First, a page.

Do our genes affect our muscle building potential?
Each of us has an individual, distinct and unchangeable DNA structure that affects us in very different ways. Some of us are good at running, some of us are unable to process gluten and some of us get incredibly severe hangovers from the smallest drop of alcohol. However, just having the right DNA doesn’t necessarily help when it comes to living your life or improving your abilities. It’s understanding your DNA and how genetics affect muscle that enables top athletes to capitalize on their genetic predispositions and in turn, develop their physical abilities and muscles. Let’s discuss in detail how genetics and muscles are related
What are the three somatotypes?
Ectomorph: This body type is an example of someone that has a thinner frame and low body fat. They have a very fast metabolism but also struggle to put on muscle, often resulting in flat chests and light muscle definition.
Endomorph: This body type has the hardest job in many ways. They are “stockier” rounder builds that put on fat and muscle easily but losing that fat is often more difficult due to their slower metabolism.
Mesomorph: The mesomorph identifies as the muscular body type and is more triangular than the others. They have a fast metabolism but also have very responsive muscular cells that enable fast and well-defined muscle growth.
The reason this is important is that each somatotype responds differently to the same physical training and diets. If you want to become a successful athlete, you should adapt your training to the body types you relate to most, otherwise, you risk a lot of hard work for no real gain if you do not have the knowledge about how genetics affect muscle building.
There are many factors that come together which determine your total muscle-building potential. There are controllable factors that involve how you live, eat, think and train. If your training, diet, and lifestyle are perfectly suited to maximize muscle growth in your body, the only thing limiting muscle growth and strength gains would be uncontrollable factors, such as your genes.
Although how you eat, move, and live can have profound effects on your bones, including your overall structure and the strength of your bones, your bones are also hardwired to have limits and to follow a genetically preset potential of possibilities. You could eat right, move, exercise, and live in a way that promotes amazing bone health, but you would never get as tall as the average NBA professional if it was not also hardwired into your genes at birth.
Bone structure can have a strong influence on how much muscle you can build. Larger bone structures can support more muscle mass than smaller bone structures. Your bones are what your muscles are anchored to. Some bone structures can also make a person look more muscular than someone who has more muscle. Wide clavicles and narrow hips promote the “v-taper” look, which gives the illusion of being more muscular. Professional bodybuilders can thank their bones and bone structures for their competitive success, just as much as they can thank their muscles.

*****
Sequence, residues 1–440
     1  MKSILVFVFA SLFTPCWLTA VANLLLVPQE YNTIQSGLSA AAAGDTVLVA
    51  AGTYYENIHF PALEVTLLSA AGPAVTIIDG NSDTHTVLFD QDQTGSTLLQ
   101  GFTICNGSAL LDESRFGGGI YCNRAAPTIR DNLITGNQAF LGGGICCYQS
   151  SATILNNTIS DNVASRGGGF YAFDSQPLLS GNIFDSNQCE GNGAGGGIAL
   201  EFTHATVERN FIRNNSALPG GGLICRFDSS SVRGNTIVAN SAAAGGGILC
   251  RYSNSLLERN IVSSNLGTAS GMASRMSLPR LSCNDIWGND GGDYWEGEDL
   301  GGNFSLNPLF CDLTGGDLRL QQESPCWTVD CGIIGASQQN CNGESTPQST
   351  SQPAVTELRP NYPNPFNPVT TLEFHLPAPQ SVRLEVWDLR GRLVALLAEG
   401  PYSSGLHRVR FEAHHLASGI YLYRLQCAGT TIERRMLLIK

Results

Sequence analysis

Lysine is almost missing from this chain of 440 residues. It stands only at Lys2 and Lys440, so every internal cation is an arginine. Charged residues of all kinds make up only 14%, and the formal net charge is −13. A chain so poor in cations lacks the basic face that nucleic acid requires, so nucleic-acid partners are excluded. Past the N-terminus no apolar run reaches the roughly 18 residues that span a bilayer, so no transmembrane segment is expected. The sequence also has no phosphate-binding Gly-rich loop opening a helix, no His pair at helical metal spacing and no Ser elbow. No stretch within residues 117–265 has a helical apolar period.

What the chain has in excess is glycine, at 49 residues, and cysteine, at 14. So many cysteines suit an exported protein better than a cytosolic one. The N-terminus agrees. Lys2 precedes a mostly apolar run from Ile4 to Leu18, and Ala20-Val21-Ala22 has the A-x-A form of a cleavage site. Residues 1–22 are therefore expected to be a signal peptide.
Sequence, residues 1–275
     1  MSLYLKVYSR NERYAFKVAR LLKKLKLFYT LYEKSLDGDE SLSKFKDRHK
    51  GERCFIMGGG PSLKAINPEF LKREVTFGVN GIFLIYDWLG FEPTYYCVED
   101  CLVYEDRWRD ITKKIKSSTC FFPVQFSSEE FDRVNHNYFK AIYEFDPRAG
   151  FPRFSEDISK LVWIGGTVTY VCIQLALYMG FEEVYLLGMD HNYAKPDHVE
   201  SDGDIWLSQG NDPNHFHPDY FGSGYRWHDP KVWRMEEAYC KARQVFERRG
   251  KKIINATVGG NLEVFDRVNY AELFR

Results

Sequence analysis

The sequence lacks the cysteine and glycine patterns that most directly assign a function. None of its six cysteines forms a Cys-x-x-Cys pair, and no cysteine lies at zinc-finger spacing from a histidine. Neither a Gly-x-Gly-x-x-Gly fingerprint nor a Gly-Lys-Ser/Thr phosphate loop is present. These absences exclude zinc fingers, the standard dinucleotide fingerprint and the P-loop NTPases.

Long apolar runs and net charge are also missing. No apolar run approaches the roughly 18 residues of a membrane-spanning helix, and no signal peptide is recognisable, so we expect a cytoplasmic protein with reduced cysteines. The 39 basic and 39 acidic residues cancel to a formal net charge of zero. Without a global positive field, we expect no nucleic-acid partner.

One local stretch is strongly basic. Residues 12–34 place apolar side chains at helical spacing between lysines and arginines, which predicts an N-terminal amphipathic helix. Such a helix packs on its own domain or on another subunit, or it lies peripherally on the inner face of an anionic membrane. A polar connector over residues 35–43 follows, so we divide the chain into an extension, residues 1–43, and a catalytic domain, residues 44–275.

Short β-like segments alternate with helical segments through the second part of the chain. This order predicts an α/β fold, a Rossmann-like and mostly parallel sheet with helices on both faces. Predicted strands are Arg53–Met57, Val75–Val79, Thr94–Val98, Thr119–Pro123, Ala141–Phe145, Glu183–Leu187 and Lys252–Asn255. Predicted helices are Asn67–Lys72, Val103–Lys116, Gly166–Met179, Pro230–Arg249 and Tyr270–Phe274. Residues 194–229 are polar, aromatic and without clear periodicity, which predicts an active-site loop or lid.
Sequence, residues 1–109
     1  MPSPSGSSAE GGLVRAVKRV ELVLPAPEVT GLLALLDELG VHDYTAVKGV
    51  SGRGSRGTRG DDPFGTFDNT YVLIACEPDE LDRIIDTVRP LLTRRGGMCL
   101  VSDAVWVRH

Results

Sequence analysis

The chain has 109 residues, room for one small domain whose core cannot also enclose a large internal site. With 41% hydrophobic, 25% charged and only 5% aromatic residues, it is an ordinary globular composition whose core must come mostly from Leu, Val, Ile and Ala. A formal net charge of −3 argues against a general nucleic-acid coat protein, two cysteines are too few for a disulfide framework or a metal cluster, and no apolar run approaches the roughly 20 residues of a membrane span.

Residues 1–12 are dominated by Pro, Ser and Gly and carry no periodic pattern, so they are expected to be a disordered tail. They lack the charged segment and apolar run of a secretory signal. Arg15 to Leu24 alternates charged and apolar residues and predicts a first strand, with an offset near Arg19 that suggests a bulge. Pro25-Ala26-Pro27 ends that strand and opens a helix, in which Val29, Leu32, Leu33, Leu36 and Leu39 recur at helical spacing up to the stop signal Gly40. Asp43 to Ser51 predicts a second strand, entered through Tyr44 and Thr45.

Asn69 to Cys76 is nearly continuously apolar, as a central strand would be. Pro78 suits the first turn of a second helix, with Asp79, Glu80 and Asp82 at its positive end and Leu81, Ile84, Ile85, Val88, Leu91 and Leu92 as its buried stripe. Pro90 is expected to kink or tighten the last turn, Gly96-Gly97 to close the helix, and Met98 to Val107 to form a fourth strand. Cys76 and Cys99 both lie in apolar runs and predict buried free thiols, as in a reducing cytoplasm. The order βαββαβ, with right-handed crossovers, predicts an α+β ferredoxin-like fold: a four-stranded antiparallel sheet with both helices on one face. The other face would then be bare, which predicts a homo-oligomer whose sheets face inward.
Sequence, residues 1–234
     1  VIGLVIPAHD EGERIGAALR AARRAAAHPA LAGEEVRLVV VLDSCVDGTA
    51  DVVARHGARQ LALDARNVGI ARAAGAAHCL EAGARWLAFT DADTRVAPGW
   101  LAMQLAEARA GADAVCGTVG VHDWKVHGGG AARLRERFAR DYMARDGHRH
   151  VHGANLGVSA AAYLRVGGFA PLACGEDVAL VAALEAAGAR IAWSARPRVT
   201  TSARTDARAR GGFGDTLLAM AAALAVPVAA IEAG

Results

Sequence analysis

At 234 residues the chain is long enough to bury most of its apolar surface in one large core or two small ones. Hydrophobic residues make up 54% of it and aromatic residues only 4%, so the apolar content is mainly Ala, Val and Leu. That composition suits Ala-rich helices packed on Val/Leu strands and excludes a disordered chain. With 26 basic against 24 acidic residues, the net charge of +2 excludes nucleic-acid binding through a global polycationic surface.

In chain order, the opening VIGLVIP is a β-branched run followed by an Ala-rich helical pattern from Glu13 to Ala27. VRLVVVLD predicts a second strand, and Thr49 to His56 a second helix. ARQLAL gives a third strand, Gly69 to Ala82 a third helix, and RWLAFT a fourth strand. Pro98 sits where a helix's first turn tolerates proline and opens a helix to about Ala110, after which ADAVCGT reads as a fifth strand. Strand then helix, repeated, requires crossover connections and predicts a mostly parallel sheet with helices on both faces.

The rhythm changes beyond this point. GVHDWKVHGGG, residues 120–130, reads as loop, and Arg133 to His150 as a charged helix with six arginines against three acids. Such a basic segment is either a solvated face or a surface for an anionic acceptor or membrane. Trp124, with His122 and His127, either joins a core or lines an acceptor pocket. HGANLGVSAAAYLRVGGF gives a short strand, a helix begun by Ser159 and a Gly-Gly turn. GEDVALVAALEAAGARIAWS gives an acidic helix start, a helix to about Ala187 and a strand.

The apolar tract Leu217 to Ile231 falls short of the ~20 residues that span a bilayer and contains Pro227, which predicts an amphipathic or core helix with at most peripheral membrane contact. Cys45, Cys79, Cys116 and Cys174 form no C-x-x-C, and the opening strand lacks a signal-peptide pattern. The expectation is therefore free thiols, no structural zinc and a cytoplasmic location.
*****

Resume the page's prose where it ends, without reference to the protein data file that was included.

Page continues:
Your “muscle bellies” also play a significant role in how “big” and muscular you are and look. Muscle bellies are the meaty part of a muscle that does not include the tendon, this is predetermined by your genes. Think of a calf muscle that goes all the way down to the ankle vs a calf muscle that seems to sit high near the knee. The longer calf muscle has more potential for growth, due to the bigger belly. Professional bodybuilders typically have long muscle bellies all over their bodies.
Testosterone levels can be wildly influenced by lifestyle. What you eat, how you train, live, how you sleep, and even your mindset, have the potential to cut testosterone levels in half or double them. There is also a genetic component. Your upper limit for testosterone and how much your testosterone is easily affected by negative lifestyle factors are largely determined by genes. Normal for one man, maybe twice as high as another man who has a very similar lifestyle.
Testosterone levels have a huge influence on muscle building. It is one of the main reasons why men are generally much more heavily muscled than women. If you have naturally high testosterone levels because of your genes, then you will have an easier time building muscle compared to someone with lower natural levels.
Your muscles themselves can also be hardwired to build easily, or more difficult. Your muscles are made up of different types of muscle fibers. We can generally label them as a fast-twitch or slow-twitch. Fast-twitch muscle fibers work great for power, speed, and strength, but are not so great for endurance. They produce a lot of power but burn out quickly. Slow-twitch muscle fibers are endurance workhorses. They are not as strong or powerful, but they last much longer.
Fast-twitch muscle fibers
Fast-twitch muscle fibers grow when they get better at what they do. Slow-twitch fibers also grow but too much less a degree. Therefore, long-distance running does not build leg muscles like sprinting or barbell squats do. Although fast and slow-twitch muscle fibers can act somewhat like each other if you train in specific ways, a large part of what determines the ratio of each is your genes. If the ratio of your muscle fibers is genetically far higher in fast-twitch fibers, then they will build faster and larger than if they were higher in slow-twitch fibers.
Your genetics affect muscles in a way that also determines how responsive your body is to resistance training in general. Building muscle is an adaptation process, and if you consider everything that happens in your body from signal to change, it is very a complex process. Some people’s bodies respond like crazy to resistance training, regardless of all the above factors. Due to the complexity of the process, we do not know why necessarily, but responsiveness in each person’s body is likely due to genetics.
Our muscles are divided into three major types, which include smooth, cardiac, and skeletal muscles. When people talk about building muscle, it is usually referred to as the skeletal muscles.